xSDK: Extreme-scale Scientific Software Development Kit
Rapid, efficient production of high-quality, sustainable extreme-scale scientific applications is best accomplished using a rich ecosystem of state-of-the art reusable libraries, tools, lightweight frameworks, and defined software methodologies, developed by a community of scientists who are striving to identify, adapt, and adopt best practices in software engineering. The vision of the xSDK is to provide infrastructure for and interoperability of a collection of related and complementary software elements—developed by diverse, independent teams throughout the high-performance computing (HPC) community—that provide the building blocks, tools, models, processes, and related artifacts for rapid and efficient development of high-quality applications.
The goal of the xSDK is to provide the foundation of this extensible scientific software ecosystem. The first xSDK release (in April 2016) demonstrated the impact of defining draft xSDK community policies to simplify the combined use and portability of independently developed software packages. Currently, the xSDK release includes hypre, MAGMA, MFEM, PETSc/TAO, SUNDIALS, SuperLU, and Trilinos. This release also lays the groundwork for addressing broader issues in software interoperability and performance portability. This work is especially important as emerging extreme-scale architectures provide unprecedented resources for more complex computational science and engineering simulations, yet the current era of disruptive architectural changes requires refactoring and enhancing software packages in order to effectively use these machines for scientific discovery.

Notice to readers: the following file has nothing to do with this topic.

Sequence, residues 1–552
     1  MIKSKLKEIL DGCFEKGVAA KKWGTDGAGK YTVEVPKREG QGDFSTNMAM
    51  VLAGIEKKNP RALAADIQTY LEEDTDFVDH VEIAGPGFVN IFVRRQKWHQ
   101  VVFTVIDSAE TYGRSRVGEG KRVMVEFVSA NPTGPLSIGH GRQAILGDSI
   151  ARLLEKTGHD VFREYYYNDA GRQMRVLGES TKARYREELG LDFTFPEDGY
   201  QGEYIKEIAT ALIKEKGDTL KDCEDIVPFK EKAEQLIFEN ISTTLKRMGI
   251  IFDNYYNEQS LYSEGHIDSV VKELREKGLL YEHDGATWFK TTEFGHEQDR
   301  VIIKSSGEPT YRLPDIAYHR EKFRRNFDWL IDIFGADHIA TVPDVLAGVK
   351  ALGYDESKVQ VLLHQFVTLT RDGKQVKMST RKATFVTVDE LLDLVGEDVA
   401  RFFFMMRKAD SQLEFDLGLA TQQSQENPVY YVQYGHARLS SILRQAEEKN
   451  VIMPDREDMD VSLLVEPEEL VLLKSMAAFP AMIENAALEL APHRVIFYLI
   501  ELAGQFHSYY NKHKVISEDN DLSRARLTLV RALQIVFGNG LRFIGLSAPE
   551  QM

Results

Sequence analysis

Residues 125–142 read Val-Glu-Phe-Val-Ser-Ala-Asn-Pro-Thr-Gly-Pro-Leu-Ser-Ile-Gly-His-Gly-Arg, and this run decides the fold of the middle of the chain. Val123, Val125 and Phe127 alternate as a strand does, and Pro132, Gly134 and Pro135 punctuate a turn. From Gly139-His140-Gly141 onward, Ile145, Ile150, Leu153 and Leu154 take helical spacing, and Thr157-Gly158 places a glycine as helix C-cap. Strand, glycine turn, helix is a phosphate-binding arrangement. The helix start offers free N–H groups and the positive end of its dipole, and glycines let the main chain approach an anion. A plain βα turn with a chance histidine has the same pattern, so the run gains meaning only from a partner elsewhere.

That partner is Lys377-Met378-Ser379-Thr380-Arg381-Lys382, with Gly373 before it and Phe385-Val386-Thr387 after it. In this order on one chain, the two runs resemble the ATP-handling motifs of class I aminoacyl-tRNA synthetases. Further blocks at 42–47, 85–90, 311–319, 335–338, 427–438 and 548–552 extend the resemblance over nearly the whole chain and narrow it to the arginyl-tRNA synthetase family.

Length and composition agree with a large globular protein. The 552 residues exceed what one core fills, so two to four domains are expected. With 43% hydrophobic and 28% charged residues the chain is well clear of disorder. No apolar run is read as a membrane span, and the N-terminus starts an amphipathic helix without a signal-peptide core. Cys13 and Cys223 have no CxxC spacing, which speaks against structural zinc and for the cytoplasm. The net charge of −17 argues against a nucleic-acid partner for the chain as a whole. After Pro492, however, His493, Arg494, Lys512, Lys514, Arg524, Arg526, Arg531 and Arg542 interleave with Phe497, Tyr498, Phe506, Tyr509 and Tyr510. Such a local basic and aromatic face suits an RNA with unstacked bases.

Our goal is to make the xSDK a turnkey and standard software ecosystem that is easily installed on common computing platforms, and can be assumed as available on any leadership computing system in the same way that BLAS and LAPACK are available today. The capabilities in the xSDK are essential for the next generation of multiscale and multiphysics applications, where the libraries and components in the xSDK must compile, link, and interoperate from within a single executable.
Join the xSDK community
We invite the HPC community to provide feedback on draft xSDK community policies and contribute xSDK-compatible packages, so that over time the community can expand the scope of interoperable xSDK software and pursue deeper layers of interoperability as driven by the needs of extreme-scale scientific applications.
Impact on scientific applications
Initial work in the xSDK is motivated by a diverse set of scientific applications that employ the complementary capabilities of xSDK numerical software packages and benefit from their interoperability. In particular, deeper understanding and answers to important science questions for use-cases in subsurface modeling in the IDEAS scientific software productivity project require improved multiscale and multiphysics computational simulations. DOE scientists are developing integrated surface-subsurface hydrology models that employ Amanzi/ATS, CrunchFlow, ParFlow, and PFLOTRAN. This work requires the combined use of xSDK numerical libraries (hypre, PETSc, SuperLU, and Trilinos), and features the use of Alquimia, an application-specific xSDK package that provides biogeochemistry functionality.
As shown here, the first xSDK release overcomes prior obstacles in library interoperability and enables next steps in collaborative multiphysics and multiscale modeling. Work to develop a predictive understanding of climate impacts on the Upper Colorado River System involves new complex biogeochemistry models that are informed by, and model, genomic information critical to carbon and nutrient cycling. These genome informed biogeochemistry models are in turn targeted at multiscale reactive transport models that can be coupled to high-resolution integrated hydrology (surface/subsurface flow) models of subcatchments or the entire watershed. A key feature in these systems is stream meanders in the floodplain, where hyporheic exchange may play a disproportionate role in the carbon and nutrient cycle. Similarly, understanding and predicting hydrologic response to changing climate and forest cover requires explicit consideration of groundwater land surface atmosphere feedbacks. New work in this area is exploring the potential of hyperresolution integrated hydrology models at regional and continental scales, including their coupling to both land process models and atmospheric models.